If you run a Linux machine, you must think about security. Consider this story told by Scott, a system administrator we know:
In early 2001, I was asked to build two Linux servers for a client. They just wanted the machines installed and put online. I asked my boss if I should secure them, and he said no, the client would take care of all that. So I did a base install, no updates. The next morning, we found our network switch completely saturated by a denial of service attack. We powered off the two servers, and everything returned to normal. Later I had the fun of figuring out what had happened. Both machines had been rooted, via ftpd holes, within six hours of going online. One had been scanning lots of other machines for ftp and portmap exploits. The other was blasting SYN packets at some poor cablemodem in Canada, saturating our 100Mb network segment. And you know, they had been rooted independently, and the exploits had required no skill whatsoever. Just typical script kiddies.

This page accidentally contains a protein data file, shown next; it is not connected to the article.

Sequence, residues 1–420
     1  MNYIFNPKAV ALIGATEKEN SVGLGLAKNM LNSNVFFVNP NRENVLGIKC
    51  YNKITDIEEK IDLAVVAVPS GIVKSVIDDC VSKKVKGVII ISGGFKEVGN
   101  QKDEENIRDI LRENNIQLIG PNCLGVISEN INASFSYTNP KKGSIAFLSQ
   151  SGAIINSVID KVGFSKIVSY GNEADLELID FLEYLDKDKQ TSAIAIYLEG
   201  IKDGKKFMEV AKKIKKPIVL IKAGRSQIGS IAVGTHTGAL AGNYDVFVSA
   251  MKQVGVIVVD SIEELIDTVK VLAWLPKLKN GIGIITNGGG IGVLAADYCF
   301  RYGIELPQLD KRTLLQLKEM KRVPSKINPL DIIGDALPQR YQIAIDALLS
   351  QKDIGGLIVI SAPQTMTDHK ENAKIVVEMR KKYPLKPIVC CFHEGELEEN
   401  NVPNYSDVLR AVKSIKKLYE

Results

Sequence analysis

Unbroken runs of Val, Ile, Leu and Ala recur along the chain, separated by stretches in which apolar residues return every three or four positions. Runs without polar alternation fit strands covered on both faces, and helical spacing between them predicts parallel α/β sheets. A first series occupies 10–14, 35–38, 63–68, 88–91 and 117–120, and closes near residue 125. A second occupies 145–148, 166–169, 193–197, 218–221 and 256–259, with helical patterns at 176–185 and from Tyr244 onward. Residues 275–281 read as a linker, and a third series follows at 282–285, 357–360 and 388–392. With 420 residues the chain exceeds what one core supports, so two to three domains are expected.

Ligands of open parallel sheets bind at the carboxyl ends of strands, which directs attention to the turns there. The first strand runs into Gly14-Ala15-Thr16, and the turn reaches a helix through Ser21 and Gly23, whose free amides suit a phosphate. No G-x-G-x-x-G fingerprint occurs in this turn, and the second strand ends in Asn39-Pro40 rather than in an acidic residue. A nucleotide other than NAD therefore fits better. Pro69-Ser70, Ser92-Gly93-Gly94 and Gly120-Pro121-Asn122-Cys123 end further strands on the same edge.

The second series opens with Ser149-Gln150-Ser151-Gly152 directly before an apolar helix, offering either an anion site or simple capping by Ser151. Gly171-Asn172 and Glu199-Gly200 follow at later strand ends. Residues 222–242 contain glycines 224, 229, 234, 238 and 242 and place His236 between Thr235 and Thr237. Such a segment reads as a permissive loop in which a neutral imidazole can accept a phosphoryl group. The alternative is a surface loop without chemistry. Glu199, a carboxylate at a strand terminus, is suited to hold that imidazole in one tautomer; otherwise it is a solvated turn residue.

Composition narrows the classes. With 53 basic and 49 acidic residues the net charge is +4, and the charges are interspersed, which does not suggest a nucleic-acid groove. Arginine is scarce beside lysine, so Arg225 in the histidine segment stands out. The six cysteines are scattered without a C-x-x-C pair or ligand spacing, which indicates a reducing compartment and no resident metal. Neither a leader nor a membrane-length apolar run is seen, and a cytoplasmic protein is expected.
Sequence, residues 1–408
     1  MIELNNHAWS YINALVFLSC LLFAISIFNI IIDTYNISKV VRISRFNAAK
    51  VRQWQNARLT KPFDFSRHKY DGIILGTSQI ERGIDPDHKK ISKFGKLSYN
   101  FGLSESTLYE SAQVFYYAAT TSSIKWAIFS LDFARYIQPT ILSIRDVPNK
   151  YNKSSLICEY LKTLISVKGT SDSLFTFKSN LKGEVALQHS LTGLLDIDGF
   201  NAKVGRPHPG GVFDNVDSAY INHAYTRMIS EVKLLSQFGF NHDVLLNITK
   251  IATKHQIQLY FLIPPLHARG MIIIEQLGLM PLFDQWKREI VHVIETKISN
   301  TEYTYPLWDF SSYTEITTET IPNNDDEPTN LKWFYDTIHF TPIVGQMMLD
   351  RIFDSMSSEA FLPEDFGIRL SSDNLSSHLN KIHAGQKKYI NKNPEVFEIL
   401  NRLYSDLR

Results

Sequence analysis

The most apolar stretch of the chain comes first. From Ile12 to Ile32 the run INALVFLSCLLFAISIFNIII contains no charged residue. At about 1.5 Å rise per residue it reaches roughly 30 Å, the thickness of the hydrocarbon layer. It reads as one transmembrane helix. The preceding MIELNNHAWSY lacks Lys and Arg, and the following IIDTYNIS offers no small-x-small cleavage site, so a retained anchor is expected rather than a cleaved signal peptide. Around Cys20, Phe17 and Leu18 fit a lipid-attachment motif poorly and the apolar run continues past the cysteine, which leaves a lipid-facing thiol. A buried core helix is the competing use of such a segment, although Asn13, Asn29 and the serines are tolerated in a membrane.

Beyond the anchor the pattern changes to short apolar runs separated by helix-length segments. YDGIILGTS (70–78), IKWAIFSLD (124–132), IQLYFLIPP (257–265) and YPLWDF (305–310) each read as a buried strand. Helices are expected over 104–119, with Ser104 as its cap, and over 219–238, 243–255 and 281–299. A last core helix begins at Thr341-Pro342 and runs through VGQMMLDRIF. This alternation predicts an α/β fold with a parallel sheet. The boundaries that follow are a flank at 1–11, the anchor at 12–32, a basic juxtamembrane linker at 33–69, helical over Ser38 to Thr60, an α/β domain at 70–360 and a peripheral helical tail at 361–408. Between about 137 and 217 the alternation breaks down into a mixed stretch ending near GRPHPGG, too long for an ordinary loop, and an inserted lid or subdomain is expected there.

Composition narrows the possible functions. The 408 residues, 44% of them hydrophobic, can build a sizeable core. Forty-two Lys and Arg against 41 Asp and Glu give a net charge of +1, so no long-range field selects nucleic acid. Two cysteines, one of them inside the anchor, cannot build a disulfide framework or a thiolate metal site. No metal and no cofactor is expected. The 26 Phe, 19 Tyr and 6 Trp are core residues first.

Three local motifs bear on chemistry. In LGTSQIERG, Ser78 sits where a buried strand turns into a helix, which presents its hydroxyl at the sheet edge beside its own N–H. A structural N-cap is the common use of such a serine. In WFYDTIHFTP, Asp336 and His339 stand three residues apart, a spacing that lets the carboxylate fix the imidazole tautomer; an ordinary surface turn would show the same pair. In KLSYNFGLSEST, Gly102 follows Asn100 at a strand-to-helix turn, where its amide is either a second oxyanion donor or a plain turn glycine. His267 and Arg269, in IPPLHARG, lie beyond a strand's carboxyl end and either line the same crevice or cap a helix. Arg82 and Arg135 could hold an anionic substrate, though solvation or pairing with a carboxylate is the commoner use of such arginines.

Scott's story is not unusual: today's Internet is full of port scanners?both the automated and human kinds?searching for vulnerable systems. We've heard of systems infiltrated one hour after installation. Linux vendors have gotten better at delivering default installs with most vital services turned off instead of left on, but you still need to think about security from the moment you connect your box to the Net . . . and even earlier.